myths & truths of open adoption

The Many Myths of Open Adoption

When it comes to adoption, I tend to go by feel and Dawn Davenport prefers to go by data. *

Dawn founded Creating A Family, a rich resource for those impacted by infertility and those interested in adoption and other family-building methods. Its Facebook community is cross-triad, which means the group tends to keep itself in check more intentionally than groups made up of only adoptive parents or only first parents or only adoptees.

I was thrilled, then, to have the chance to talk with Dawn during a recent podcast/radio show. Regarding open adoption myths, I just know in my gut what is and isn’t true, and she knows by staying on top of research.

A unicorn is a myth. Is a happy open adoption?

It was validating to hear through the course of our conversation that so much of my inner knowing is backed by hard data and research.

* Truth be told Dawn and I both go by both intuition and research in varying measures.

Open Adoption Myths & Truths

Here are some of the preconceived notions about open adoption that Dawn and I cover. Are they myths or truths?

  • Open adoption is basically co-parenting.
  • Open adoption will make me feel less like the mom/dad. I will feel like I’m competing for the role of mom/dad.
  • Open adoption is confusing to kids.
  • Does open adoption mean I have to adopt the whole family? Really I only want to adopt the baby.
  • Open adoption is messy and complicated.
  • Open adoption is not worth the trouble.

More Pressing Open Adoption Issues

We also talk about common issues adoptive families face.

  • How to maintain an attitude of openness.
  • Is contact exclusively through the adoption agency or adoption attorney?
  • Helping extended adoptive family members come to terms with openness.
  • How to handle if your child says “you’re not my real mom.”
  • The Slightly Annoying Grandmother Rule.
  • The importance of birth siblings.
  • How to honor the spirit of openness even without contact.

Listen in!

Which open adoption myths were/are you most concerned about?

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This post is part of #MicroblogMondays. Whazzat? A post that’s not too long. Head to Stirrup Queens to join the fun.

Lori Holden's book cover

Lori Holden, mom of a teen son and a teen daughter, blogs from Denver. Her book, The Open-Hearted Way to Open Adoption: Helping Your Child Grow Up Whole, is available through your favorite online bookseller and makes a thoughtful anytime gift for the adoptive families in your life. Lori was honored as an Angel in Adoption® in 2018 by the Congressional Coalition of Adoption Institute.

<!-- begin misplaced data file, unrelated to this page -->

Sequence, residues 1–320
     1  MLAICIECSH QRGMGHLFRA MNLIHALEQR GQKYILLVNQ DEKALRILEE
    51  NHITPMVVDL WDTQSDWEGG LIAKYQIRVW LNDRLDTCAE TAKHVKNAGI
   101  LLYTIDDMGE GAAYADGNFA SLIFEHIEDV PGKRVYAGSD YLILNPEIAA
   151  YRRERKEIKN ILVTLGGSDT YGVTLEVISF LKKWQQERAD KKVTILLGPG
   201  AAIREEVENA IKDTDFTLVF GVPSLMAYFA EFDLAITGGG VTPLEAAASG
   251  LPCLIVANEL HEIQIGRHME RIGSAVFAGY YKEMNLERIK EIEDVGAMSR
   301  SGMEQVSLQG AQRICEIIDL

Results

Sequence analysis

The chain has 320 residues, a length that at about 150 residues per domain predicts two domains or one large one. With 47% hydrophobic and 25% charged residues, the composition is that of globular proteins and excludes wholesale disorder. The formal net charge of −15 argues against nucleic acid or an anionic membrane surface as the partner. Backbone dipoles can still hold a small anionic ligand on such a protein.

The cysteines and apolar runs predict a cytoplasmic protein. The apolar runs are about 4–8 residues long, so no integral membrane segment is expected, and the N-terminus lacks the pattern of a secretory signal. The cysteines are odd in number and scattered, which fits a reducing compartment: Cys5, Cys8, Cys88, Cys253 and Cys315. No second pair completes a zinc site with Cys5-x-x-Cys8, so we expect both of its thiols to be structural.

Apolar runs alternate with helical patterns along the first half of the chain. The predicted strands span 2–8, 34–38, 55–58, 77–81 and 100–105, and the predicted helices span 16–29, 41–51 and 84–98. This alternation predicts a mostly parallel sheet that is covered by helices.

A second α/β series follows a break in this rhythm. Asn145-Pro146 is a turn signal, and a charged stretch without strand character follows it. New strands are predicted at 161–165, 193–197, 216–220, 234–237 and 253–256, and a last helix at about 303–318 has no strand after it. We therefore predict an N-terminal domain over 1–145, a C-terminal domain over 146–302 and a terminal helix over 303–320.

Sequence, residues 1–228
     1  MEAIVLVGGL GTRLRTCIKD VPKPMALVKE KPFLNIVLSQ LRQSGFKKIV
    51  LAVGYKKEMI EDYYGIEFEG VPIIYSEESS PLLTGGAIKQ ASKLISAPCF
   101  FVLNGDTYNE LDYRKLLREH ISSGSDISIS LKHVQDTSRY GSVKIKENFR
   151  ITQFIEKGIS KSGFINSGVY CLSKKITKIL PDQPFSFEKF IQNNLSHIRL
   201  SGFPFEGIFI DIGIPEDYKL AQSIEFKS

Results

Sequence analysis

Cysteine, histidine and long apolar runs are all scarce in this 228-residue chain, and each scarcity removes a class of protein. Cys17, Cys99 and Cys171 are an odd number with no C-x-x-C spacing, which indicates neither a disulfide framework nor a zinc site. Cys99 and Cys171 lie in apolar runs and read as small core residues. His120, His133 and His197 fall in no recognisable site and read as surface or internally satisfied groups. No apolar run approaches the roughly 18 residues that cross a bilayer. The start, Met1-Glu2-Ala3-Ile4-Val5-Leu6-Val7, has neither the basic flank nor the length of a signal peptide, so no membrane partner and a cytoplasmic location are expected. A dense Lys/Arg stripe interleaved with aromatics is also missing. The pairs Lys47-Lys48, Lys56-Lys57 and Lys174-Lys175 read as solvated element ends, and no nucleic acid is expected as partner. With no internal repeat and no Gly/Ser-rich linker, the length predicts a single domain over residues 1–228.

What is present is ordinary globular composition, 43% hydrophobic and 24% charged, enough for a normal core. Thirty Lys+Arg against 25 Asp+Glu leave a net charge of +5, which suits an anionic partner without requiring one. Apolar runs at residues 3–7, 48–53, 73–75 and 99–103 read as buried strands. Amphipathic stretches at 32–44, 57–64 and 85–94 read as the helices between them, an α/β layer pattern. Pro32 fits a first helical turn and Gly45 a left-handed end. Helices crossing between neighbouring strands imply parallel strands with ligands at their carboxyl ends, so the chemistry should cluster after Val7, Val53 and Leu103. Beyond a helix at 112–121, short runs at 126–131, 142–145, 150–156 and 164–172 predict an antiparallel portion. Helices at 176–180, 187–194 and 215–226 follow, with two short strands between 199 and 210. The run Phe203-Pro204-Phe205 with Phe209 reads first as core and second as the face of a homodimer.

4 thoughts on “The Many Myths of Open Adoption”

  1. I have to listen when I’m not reading blogs while Bryce is sleeping, ha ha. These myths are pervasive. I still have conversations with people who don’t understand open adoption, who are confused by it and think it’s wrong. Both from the perspective of us attempting domestic infant adoption (“why didn’t you just adopt from another country? So much EASIER and far less messy, no pesky birth parents” — holy cringe, NO) and from the perspective of having students who are adopted and speak freely of first families, birth parents, etc (“he must be adopted from grandparents, why would he get to see the people who gave him up?”). UGH. Good opportunities for education, but frustrating misconceptions to work through nonetheless. You do great work with discussing these topics with intuition and research!

  2. I am adopted, and for the life of me, I can’t understand adoption, open or closed.
    I don’t see what infertility has to do with it.
    Just because someone can’t have their own child, why do they think raising someone else’s will help them? Why do we have to give up our families, for you?
    Someone at work the other day was talking about adoption. They said how wonderful it was, because it helped children who had no families. I told them that there is no such thing as a child with no family. We all have them.
    If a woman is mentally fit enough to participate in an open adoption, why adoption at all? Does she just not want to raise her child, but wants to visit from time to time? Why? Why not raise your own with help. Why involve total strangers?

    And the one who adopts do you really feel you become the mother of someone else’s child? How can you possibly believe that? Because you do the work? If that were the case, nurses and nannies would be the mothers of the children they care for.

    I’ve been adopted all my life, and it just seems like such a farce. You pretend I’m your mother, I’ll pretend you’re my child. I’ll pretend you’re not my child anymore, and everyone lives happily ever after.

    Except, DNA, voices, bone structure, gestures, traits. They come from our families. Try and explain all this to me, because I’ve never understood it.

    1. I agree Marylee that things don’t work well when people pretend, for that comes from denial. Things have a chance of working better when everyone can deal in the realm of What Is.

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